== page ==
LaSalle: Expedition II

(From the liner notes accompanying the LP: "Voices of LaSalle: Expedition II.")



When an Illinois French Teacher named Reid Lewis proposed celebrating the American bicentennial with an authentic re-enactment of LaSalle's 1681-82 journey from Montreal to the Gulf of Mexico, there were a few raised eyebrows.



First, there were those who seemed to think that American history began with George Washington and ended just west of Philadelphia. Lewis' response was an articulate defense of the drama and importance of our French-Canadian heritage: "If the vision of the first European who really grasped the potential greatness of this continent doesn't deserve bicentennial commemoration— nothing does! Over one hundred years before Daniel Boone crossed the Cumberland Gap, LaSalle had already laid claim to all the land between the Alleghenies and the Rockies. That act marked the opening of one of the richest areas on earth-our North American heartland."



Then, there were those who believed that America's youth had lost the spirit of adventure and the physical hardihood necessary to undertake such a journey. Two years of dedicated preparatory work, and the progress of the 8-month, 3,000-mile voyage itself, whittled away at that notion. As the 17 students and 7 adults in the crew overcame first one challenge, then another, they weathered, like the 17th Century clothing, canoes, and equipment that saw them through their ordeal. Their skin turned to rawhide; their determination, to flint and steel.


At the journey's end, they had survived the worst Midwestern winter in recorded history. They had dragged their gear over 527 miles of frozen river and prairie. They had paddled against formidable currents on the St. Lawrence;




over mountainous waves on Lake Ontario;


through the rock-strewn wilderness of Georgian Bay.


They had encountered ice-floes on Lake Michigan,








blizzards on the Illinois,







and sandstorms on the Mississippi.

They had slept beneath their canoes each night, like their 17th Century predecessors. while temperatures plummeted to minus 27 degrees!
They had endured a portage through the concrete heart of Toronto, wearing moccasins;


capsized in a November storm off Death's Door, Wisconsin; seen four of their number struck down by a runaway truck in Indiana; and encountered tow-boat wakes so violent they literally threw the canoes out of the lower Mississippi.



Through it all. they not only survived, they found time to carry their message of historic and natural preservation to nearly 200 communities along their route. They sang their songs and shared their adventures with children in hundreds of classrooms.


They brought the living presence of our history into town-meetings, civic celebrations, hospitals, and nursing homes. They developed the 19 research projects that would serve as the permanent educational legacy of the expedition.

All this is not to say they did it alone, They had the devotion of the five people who traveled alongside them all through that bitter winter, coordinating the crew's movements with the community celebrations, They had the encouragement of relatives and friends, They had the material support of the people, governments, businesses, and civic organizations along their way, They had the enthusiasm of the communities they passed through, who took the flame of historic awareness kindled by the expedition and made it blaze, Without these, nothing could have been accomplished.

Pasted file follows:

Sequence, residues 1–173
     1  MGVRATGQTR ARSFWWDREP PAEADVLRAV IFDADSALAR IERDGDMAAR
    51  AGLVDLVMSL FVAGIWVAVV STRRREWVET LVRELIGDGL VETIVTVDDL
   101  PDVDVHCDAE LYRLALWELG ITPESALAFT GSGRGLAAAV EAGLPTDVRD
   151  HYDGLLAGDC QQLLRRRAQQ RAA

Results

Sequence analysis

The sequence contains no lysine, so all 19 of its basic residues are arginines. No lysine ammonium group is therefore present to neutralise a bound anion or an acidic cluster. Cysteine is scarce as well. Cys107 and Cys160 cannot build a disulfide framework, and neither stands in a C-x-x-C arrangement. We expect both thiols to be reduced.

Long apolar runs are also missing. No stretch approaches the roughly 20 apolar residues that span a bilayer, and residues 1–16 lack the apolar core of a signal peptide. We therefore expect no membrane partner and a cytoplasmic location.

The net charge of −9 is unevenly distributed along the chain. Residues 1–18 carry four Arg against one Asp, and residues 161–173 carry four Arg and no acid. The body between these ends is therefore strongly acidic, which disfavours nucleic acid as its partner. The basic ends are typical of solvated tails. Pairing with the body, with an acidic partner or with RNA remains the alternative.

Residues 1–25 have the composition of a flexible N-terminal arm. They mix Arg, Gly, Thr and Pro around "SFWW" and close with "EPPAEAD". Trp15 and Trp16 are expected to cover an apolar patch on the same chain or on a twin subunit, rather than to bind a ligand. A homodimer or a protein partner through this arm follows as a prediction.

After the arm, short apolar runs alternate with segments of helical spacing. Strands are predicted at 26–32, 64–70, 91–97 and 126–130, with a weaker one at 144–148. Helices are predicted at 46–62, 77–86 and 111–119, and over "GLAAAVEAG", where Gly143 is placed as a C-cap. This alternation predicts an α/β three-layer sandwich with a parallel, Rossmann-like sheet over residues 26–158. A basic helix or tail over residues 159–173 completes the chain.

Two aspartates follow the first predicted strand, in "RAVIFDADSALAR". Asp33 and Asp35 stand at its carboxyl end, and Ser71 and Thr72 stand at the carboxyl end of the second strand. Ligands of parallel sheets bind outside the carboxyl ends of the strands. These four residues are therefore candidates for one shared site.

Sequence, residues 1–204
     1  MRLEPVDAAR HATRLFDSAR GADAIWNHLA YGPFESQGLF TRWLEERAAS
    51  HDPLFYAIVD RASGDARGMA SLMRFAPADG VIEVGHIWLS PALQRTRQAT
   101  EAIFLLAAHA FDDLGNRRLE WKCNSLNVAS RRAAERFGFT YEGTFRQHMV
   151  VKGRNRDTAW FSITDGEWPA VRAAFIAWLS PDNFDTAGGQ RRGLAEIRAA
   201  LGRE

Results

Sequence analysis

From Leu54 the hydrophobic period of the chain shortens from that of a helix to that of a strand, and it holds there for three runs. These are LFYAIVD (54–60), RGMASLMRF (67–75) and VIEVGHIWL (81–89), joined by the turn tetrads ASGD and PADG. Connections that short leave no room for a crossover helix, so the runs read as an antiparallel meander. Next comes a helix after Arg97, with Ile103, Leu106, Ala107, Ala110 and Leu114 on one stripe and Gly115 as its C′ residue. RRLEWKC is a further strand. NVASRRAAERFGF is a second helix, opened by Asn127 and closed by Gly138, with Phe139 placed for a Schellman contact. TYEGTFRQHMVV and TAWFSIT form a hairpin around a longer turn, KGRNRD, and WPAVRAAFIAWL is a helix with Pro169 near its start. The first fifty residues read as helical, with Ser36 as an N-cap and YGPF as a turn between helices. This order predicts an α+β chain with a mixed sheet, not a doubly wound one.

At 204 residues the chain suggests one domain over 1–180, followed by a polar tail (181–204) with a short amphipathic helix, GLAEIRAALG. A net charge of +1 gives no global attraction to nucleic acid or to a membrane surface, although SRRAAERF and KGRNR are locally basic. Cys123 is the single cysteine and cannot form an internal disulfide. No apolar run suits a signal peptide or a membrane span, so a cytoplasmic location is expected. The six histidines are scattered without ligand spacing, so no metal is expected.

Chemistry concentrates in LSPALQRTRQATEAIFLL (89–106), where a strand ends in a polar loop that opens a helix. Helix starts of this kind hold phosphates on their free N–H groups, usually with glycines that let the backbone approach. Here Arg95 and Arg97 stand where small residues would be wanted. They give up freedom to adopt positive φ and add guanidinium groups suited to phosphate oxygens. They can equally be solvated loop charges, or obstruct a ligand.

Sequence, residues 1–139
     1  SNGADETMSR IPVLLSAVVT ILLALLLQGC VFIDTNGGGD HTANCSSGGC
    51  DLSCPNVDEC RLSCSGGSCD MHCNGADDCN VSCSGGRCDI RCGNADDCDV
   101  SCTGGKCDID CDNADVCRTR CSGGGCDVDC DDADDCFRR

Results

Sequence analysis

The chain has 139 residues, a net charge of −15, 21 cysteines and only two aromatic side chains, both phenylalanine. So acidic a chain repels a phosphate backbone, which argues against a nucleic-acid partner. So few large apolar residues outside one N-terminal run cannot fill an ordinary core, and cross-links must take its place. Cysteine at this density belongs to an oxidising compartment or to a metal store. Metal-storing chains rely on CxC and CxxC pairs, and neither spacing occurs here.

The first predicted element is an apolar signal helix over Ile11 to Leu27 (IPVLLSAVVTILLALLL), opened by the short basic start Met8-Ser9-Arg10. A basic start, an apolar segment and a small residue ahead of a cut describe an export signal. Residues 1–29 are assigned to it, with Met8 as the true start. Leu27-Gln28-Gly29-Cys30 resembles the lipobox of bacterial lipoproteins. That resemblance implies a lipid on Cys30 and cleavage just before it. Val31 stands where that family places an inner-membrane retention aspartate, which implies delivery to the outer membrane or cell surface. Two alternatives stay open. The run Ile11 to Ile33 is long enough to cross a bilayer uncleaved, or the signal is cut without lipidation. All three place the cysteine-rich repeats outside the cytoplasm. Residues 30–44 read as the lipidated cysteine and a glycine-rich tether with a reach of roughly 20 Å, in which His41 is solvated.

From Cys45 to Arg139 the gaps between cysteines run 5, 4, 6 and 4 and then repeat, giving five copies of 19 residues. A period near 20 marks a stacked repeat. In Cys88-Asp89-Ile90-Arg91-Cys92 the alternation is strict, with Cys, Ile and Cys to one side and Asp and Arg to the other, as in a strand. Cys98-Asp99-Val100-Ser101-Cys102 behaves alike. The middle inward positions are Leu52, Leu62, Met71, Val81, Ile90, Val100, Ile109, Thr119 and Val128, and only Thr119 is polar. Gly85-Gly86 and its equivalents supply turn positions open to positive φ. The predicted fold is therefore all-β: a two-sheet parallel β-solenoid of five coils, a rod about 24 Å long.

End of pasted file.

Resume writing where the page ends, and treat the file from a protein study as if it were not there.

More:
Still, when it comes right down to it, the whole expedition rested on those 24 fragile wooden paddles that finally parted the salt waters of the Gulf of Mexico, one brilliant spring morning in the April of 1977.



The real measure of the expedition's success is the pride that can be heard in the voices of the 24 men who wielded those paddles. These are the voices of La Salle: Expedition II.

Crewmembers of the re-enactment expedition
(August 11, 1976-April 9, 1977)
  Their counterparts on the original expedition
(August 11, 1681-April 9, 1682)

Reid Lewis
Father Loran Fuchs, O.F.M.
Marc Lieberman
Keith Gorse
Clif Wilson
Sid Bardwell
John Fialko
George Lesieutre
Richard Stillwagon
Gary Braun
Charles Campbell
Terry Cox
John Di Fulvio
Randy Foster
Mark Fredenburg
Jorge Garcia
Rich Gross
Sam Hess
Ron Hobart
Bob Kulick
Ken Lewis
Steve Marr
Doug Sohn
Bill Watts

René Robert Cavelier Sieur de La Salle
pere Zenobe Membre
Henri de Tonty
Le Sieur de Boisrondet
Jacques Bourdon Sieur d' Autray
Le Castor Blanc (Indian Guide )
Pierre Prudhomme(Armourer)
Jacques de La Metairie (Notary)
Jean Michel (Surgeon)
Jean du Lignon
Andre Henault
Andre Baboeuf
La Violette de Lyon
Jean Pignabel
Pierre You
Nicholas de La Salle
Pierre Buret
Gabriel Barbier
Louis Baron
Colin Crevel
Antoine Brossard
Jacques Cauchois
Pierre Mignoret
Jean Masse
The Liaison Team    

Jan Lewis
Marlena Scavuzzo
Sharon Baumgartner
Cathi Palmer
Barton Dean


Assistant Director
Community Relations
Crew Support
Photographer PhotoJournalist

RECORDED AT WBEZ Studios, Chicago


  Reid Lewis
Ron Hobart (Expedition Music Project Director)
Ken Lewis (Expedition Audio Project Director)
Ron Hobart
Ken Lewis

Mac Frampton (Music Project Advisor)
Judy Staab and Howard Platt
(Expedition Drama Project Advisors)
written, played, and sung by Howard Platt
(c1977 by La Salle. Expedition II)
Swanson, Pearson, Haugaard; Chicago
John Fialko (Expedition Art Project Director)
Mr. and Mrs. Perry Lewis, Joe DiFranco, Bill Myers, John Miller, Mike Alft, Wayne Schimpff, Gail Campbell, and to photographers Marc Lieberman, Doug Sohn, Bart Dean (Expedition Photo Project Team); Al Gruber, Tom Thomas, and A. Craig Benson of the Wisconsin State Journal

Link to map created using 17th-century methods.

Link to proclamation signed at end of voyage.